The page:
the Indians as the[y] hate the soldiers. The[y] are turning in there [sic] arms every day here but the[y] want the Seventh Cavalry sent away from here.  The[y] are afraid of us.  The[y] say that the Seventh is on the war path and not them.  We got orders tonight to move camp in the morning, we do not no where we are going to camp but it is believed that we are moving towards Rushville and then to go home from there.  You must excuse me for this writing as the men in this tent is [sic] packing up some of there [sic] stuff.  The[y] say that I am in the way.

Yours Respectfully,
Thos. McGuire

This letter was provided courtesy of Ms. Pat Carney.

Citation for this article: Samuel L. Russell, “Letter from Private Thomas McGuire, D Troop, 7th Cavalry,” Army at Wounded Knee (http://wp.me/p3NoJy-It), updated 24 Feb 2015, accessed date __________.

Posted in Enlisted, Personal Letters | Tagged , , , , , , , , , , , , , | 2 Comments

Irish Immigrant Private Thomas Sullivan, E Troop, 7th Cavalry – Conspicuous Bravery


Throughout the engagement he was conspicuous by his bravery, and I took occasion, while still on the field, to refer to his excellent conduct.
–Lieutenant H. G. Sickel

Thirty-one year-old Private Thomas Sullivan had little more than a year in the Army and E Troop, 7th Cavalry, at the time of the Pine Ridge Campaign.   At Wounded Knee he demonstrated to his leadership his bravery and potential as a cavalryman.  E Troop was taking effective fire from the Lakota that had sought refuge in the pocket of the ravine. Sergeant Nettles and Private Kellner were both shot in the head by Indians firing from concealed positions in the pocket, and Sergeant Tritle was wounded in the hand.  Two of the troop’s horses were also killed.  By all soldier accounts, E Troop was under a hot fire to which the officers and non-commissioned officers exposed themselves while placing soldiers on the skirmish line, directing their fire, and encouraging their men.  One of the leaders in the troop called for two volunteers to advance nearer the pocket in order to gain a better advantage on the Indians firing from that position.  Privates Thomas Sullivan and Mosheim Feaster readily took on the mission under the direction of Sergeant John F. Tritle, and were lauded by their commander that same day.  Sullivan was soon after promoted to the rank of corporal.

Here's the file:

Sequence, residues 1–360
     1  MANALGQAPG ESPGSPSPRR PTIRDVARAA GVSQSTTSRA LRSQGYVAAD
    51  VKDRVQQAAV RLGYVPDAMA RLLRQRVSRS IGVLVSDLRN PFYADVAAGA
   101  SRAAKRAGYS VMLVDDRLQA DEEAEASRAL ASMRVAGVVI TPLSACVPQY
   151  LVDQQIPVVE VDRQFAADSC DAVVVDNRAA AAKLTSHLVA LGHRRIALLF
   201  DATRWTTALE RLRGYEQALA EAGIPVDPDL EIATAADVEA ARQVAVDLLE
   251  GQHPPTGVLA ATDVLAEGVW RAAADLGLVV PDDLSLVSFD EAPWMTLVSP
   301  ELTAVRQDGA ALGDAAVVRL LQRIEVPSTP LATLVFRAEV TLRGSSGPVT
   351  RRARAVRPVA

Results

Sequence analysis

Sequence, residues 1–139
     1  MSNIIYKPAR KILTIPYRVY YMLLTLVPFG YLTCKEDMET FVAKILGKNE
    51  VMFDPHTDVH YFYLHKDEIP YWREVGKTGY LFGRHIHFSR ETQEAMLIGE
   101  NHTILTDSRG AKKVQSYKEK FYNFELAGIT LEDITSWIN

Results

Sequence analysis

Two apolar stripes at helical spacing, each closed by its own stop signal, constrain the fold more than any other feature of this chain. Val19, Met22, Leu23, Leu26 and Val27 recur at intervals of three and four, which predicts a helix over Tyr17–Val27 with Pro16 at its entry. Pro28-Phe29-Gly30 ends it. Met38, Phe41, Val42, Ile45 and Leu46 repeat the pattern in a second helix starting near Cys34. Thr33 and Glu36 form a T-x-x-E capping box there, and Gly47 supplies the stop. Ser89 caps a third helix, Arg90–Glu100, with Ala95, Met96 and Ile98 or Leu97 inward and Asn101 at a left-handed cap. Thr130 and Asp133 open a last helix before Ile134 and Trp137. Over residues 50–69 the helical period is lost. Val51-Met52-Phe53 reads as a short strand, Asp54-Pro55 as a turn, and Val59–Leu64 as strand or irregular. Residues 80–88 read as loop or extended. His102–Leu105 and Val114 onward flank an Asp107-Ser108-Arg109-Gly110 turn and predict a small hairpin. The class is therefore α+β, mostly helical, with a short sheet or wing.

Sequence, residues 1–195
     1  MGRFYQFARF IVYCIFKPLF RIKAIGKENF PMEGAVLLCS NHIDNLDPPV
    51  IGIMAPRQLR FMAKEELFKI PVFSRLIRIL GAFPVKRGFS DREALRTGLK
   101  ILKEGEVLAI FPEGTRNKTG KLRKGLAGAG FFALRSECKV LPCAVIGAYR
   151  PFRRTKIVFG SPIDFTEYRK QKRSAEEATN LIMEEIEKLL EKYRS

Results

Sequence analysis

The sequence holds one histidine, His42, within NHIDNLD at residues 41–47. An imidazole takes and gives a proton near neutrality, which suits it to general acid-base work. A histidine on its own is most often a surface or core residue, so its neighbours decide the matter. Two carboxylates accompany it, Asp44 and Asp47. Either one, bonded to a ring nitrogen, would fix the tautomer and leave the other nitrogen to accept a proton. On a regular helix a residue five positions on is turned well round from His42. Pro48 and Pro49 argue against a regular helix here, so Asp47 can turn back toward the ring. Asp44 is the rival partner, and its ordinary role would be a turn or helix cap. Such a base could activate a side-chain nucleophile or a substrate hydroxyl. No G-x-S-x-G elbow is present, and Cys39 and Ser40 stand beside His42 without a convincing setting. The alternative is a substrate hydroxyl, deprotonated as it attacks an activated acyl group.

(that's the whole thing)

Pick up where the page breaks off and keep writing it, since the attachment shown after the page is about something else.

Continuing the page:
Wanting to ensure his soldiers were duly recognized for their actions on 29 December 1890 at Wounded Knee, the regiment’s sergeant major, Albert W. McMillan, who had served as one of the sergeants in E Troop at the battle, provided a sworn deposition at the end of March 1891 detailing Sullivan and Feaster’s actions.

That Private Thomas Sullivan (now corporal) and Private Mosheim Feaster, Troop “E” 7th Cavalry, when volunteers were called for to move from the left of our skirmish line and move to an exposed position (about 40yds distant from the concealed Indians) which would command this pocket to better advantage, did voluntarily and of their own accord move to this position and their bravery at that time called forth the following remark from 1st Lieut. H. G. Sickel 7th Cavalry Commanding troop, “men, Sullivan and Feaster have been brave men to-day.”[1]

Page 1 of Lieutenant Sickel's letter detailing Private Sullivan's actions.

(Click to enlarge) Page one of Lieutenant Sickel’s letter detailing Private Sullivan’s actions.[2]